Irlen East for the east of England

07745 333314

Autism Spectral Disorder


Breaking Free from Sensory Perceptual Distortion

There is a constant interaction between the senses; visual, auditory, tactile, taste and smell. A dysfunction in one sense can affect the accurate interpretation of the other senses and an individual's ability to interact with the world around them. The sensory experiences that are often experienced by those with autistic spectrum disorders and Aspergers add to their different behaviours. The five senses which are usually talked about in isolation, will sometimes overlap and also be heightened (hyper) or depressed (hypo). Also these levels of sensory information can change and be further confused by the static (white noise) perceived within these senses. This can make it difficult for autistic and non-autistic people to understand the enviromental reactions of each other.

Often autistic behaviour is recognised by the individual's self stimulation (stimming) of sensory input, finger flapping, rocking, tapping, rotatating on the spot,etc. These  may be self- discovered behaviours to cope with unwelcome stimulation through one or more of the senses. Seventy percent of the information an individual receives comes in through the eyes and must be correctly interpreted by the brain. Any problem in the way the brain processes information can cause difficulties in the general ability to function.

By the correct diagnosis and prescription of Irlen Lenses one of the senses ie. sight is given some respite from stress, thus allowing the other senses to cope better. There are many reports of Irlen wearers being more able to listen. It is not that the hearing has improved, but that they are better able to process through the sense of hearing because the sense of sight is taking less energy. Results indicate that some individuals suffering from sensory perceptual distortions and overload can be helped by Irlen Filters.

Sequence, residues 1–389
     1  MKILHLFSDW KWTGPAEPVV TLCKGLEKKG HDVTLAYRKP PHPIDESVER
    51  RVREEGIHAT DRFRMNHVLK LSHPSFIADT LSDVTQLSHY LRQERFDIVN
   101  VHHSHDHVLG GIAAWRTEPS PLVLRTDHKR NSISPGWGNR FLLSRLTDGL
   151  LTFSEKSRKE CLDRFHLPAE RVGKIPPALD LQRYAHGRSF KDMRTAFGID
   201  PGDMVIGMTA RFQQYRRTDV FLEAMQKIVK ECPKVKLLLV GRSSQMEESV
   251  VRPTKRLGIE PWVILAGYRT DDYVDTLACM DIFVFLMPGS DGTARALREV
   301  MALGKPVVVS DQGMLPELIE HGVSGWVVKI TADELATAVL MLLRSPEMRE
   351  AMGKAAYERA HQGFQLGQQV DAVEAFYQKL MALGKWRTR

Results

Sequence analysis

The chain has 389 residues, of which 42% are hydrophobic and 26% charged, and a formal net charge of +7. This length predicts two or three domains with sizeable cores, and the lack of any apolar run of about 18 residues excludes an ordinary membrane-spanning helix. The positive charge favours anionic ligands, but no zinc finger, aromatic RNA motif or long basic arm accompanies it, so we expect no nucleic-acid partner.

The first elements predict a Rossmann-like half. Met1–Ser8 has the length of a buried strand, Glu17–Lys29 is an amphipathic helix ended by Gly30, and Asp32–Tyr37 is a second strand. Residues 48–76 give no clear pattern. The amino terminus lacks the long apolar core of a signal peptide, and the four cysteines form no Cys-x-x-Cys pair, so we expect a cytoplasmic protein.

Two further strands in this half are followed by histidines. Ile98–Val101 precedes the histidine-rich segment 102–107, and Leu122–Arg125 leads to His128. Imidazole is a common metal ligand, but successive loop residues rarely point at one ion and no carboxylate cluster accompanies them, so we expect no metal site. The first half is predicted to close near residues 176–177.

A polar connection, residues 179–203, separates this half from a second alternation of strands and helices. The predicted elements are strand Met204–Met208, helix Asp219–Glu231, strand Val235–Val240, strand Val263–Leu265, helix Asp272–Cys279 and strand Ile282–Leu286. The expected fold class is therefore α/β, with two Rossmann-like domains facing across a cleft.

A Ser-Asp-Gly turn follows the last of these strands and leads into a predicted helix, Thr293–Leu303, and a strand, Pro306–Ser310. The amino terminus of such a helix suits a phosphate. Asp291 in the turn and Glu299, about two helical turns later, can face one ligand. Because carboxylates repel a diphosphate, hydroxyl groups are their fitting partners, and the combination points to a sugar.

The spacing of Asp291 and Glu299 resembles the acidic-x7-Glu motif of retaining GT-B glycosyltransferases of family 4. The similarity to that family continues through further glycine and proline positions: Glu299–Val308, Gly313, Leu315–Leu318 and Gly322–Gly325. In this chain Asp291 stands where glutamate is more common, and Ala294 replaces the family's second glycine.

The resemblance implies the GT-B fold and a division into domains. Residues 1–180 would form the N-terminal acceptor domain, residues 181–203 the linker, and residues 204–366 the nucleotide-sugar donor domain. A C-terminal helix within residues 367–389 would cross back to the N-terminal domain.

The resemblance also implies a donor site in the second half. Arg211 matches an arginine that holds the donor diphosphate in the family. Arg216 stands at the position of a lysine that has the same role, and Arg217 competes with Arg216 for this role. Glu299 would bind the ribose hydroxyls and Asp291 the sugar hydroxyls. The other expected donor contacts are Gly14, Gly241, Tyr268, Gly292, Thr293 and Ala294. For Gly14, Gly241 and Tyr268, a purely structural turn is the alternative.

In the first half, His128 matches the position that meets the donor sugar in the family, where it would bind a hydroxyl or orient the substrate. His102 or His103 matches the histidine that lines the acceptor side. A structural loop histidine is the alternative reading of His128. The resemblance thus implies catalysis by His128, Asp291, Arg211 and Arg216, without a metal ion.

Types of Problems

The types of sensory perceptual deficits associated with autism and Aspergers are unique. These environmental distortions are varied, unpredictable and constantly changing.

For example, parts of the environment may disappear or people may be seen in pieces.

As a result those with Autism / Aspergers may experience the following:


Poor concentration

Poor social skills

Low self esteem

System overload

Poor body awareness

Faulty information processing

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Irlen East the Irlen Centre covering East of England

Copyright © 1998-2006 by Perceptual Development Corp/Helen Irlen. All rights reserved

Copyright © 1998-2019 by Perceptual Development Corp/Helen Irlen. All rights reserved